These reform-minded theologians saw that the precursor to any aggiornamento (the famous “updating,” one purpose for which John XXIII convened the Council) must be a ressourcement, a restoration of this tradition, a “return to the sources” of the Catholic Faith. The writings of these reformers played a profound role in influencing the direction the Council was to take, and were a formative influence on two periti, Archbishop Wojtyla and Fr. Ratzinger. These priests hoped for a return to classical (patristic-medieval) sources, a renewed interpretation of Aquinas, and a dialogue with the major movements and thinkers of the twentieth century, with particular attention given to problems associated with the Enlightenment, modernity, and liberalism. Fr. Ratzinger in 1964 was included among the founders of a new international theological journal, Concilium, along with other notables Frs. Karl Rahner, Edward Schillebeeckx, Hans K√ľng, Johann Baptist Metz, Yves Congar and Gustavo Gutierrez – at the time, the elite of the more progressive Catholic theologians. At present Concilium exists

….to promote theological discussion in the spirit of Vatican II [emphasis added], out of which it was born. It is a catholic journal in the widest sense: rooted firmly in the Catholic heritage, open to other Christian traditions and the world's faiths.

When asked by Vittorio Messori in his famous interview with Cardinal Ratzinger about the fact that he once was associated with some theologians who have since run afoul with the CDF, the Cardinal’s reply sheds much light on this “spirit of Vatican II”:

It is not I who have changed, but others. At our very first meetings I pointed out two prerequisites to my colleagues. The first one: our group must not lapse into any kind of sectarianism or arrogance, as if we were the new, the true Church, an alternative magisterium [emphasis added] with a monopoly on the truth of Christianity. The second one: discussion has to be conducted without any individualistic flights forward, in confrontation with the reality of Vatican II with the true letter and the true spirit of the Council, not with an imaginary Vatican III. These prerequisites were increasingly less observed in the following period up to a turning point—which set in around 1973—when someone began to assert that the texts of Vatican II were no longer the point of reference for Catholic theology ….that the Council still belonged to the traditional, clerical moment of the Church and that it was not possible to move forward very much with such documents [emphasis added]. They must be surpassed.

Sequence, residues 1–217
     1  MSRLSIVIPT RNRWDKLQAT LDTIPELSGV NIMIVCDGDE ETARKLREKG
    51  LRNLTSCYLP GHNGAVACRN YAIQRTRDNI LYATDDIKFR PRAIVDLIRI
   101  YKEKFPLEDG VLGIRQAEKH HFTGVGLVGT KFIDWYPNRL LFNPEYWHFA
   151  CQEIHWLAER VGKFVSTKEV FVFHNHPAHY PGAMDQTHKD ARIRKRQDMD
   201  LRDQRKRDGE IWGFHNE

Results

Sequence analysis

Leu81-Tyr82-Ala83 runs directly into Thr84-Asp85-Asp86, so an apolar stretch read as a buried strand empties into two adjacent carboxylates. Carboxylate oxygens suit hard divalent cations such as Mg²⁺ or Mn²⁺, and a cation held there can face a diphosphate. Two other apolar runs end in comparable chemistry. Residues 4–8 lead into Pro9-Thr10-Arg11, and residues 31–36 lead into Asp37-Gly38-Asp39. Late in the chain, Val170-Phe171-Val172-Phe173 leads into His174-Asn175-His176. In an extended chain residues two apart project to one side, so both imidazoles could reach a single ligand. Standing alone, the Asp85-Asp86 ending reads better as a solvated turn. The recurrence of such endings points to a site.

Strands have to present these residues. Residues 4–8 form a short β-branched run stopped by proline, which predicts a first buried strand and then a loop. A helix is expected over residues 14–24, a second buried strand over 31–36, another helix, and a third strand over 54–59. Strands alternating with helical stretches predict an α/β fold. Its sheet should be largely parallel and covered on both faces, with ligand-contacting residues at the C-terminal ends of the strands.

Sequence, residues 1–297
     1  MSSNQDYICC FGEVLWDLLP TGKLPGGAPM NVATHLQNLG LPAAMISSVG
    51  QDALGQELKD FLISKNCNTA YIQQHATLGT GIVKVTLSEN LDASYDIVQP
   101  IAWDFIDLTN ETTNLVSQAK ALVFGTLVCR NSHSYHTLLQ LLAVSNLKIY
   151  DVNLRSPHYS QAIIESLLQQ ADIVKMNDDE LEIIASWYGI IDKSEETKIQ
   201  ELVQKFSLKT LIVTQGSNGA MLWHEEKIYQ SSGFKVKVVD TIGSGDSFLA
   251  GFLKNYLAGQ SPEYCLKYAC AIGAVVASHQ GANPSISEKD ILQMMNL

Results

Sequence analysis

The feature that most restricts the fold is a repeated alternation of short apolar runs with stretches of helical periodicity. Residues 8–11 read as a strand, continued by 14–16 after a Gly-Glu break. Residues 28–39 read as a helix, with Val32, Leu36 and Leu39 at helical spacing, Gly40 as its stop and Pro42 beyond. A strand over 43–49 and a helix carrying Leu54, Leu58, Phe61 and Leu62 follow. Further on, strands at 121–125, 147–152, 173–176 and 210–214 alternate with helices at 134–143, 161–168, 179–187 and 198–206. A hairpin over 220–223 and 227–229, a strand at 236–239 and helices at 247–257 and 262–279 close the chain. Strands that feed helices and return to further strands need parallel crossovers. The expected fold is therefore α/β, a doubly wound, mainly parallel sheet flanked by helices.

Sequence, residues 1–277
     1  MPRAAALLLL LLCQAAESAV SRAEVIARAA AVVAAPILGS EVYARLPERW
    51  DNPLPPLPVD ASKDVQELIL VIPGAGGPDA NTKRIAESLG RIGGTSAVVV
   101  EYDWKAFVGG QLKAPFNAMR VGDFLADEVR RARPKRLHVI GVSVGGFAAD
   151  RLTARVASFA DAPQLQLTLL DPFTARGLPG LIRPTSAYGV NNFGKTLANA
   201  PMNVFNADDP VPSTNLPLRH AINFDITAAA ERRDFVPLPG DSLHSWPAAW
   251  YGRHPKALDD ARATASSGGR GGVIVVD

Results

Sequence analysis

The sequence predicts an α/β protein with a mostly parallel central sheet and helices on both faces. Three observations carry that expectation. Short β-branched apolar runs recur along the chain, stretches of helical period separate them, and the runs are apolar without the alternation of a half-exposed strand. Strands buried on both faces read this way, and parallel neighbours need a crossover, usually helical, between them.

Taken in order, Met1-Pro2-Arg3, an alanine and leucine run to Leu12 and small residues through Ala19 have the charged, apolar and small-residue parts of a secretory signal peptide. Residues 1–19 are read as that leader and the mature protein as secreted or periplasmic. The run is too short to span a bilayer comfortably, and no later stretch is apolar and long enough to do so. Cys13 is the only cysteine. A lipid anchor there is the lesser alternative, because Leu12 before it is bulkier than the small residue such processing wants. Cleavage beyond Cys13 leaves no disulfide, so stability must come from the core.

It is important to understand the part played by neomodernism in bringing about this division within the ranks of the “new theology.” As I hope to show, it was the establishment of “an alternative magisterium on the part of theologians who viewed the Vatican II documents as inadequate who demonstrated the pride warned against by Cardinal Ratzinger. I believe it consistent with Catholic teaching to see in the apostasy of this “anthropocentric society” the work of “the hidden enemy who sows errors and misfortune in human history.”


Monday, May 14, 2012

Homosexual Marriage


The urgency of the issue of gay marriage at this time and the compelling arguments raised against it here, make this paper an important resource:

Answering Advocates of Gay Marriage

KATHERINE YOUNG AND PAUL NATHANSON
Claim 1: Marriage is an institution designed to foster the love between two people. Gay people can love each other just as straight people can. Ergo, marriage should be open to gay people.
Claim 2: Not all straight couples have children, but no one argues that their marriages are unacceptable
Claim 3: Some gay couples do have children and therefore need marriage to provide the appropriate context.
Claim 4: Marriage and the family are always changing anyway, so why not allow this change?
Claim 5: Marriage and the family have already changed, so why not acknowledge the reality?
Claim 6: Children would be no worse off with happily married gay parents than they are with unhappily married straight ones.
Claim 7: Given global overpopulation, why would anyone worry about some alleged need to have more children in any case?
Claim 8: Marriage should change, whether it already has or not, because patriarchal institutions are evil.
Claim 9: Gay marriage has had historical and anthropological precedents.
Claim 10: Banning gay marriage is like banning interracial marriage.
Claim 11: The case for gay marriage is more "poignant" than the case against it.
Claim 12: Gay marriage is necessary for the self-esteem of a minority.
Claim 13: Anyone who opposes same-sex marriage is homophobic.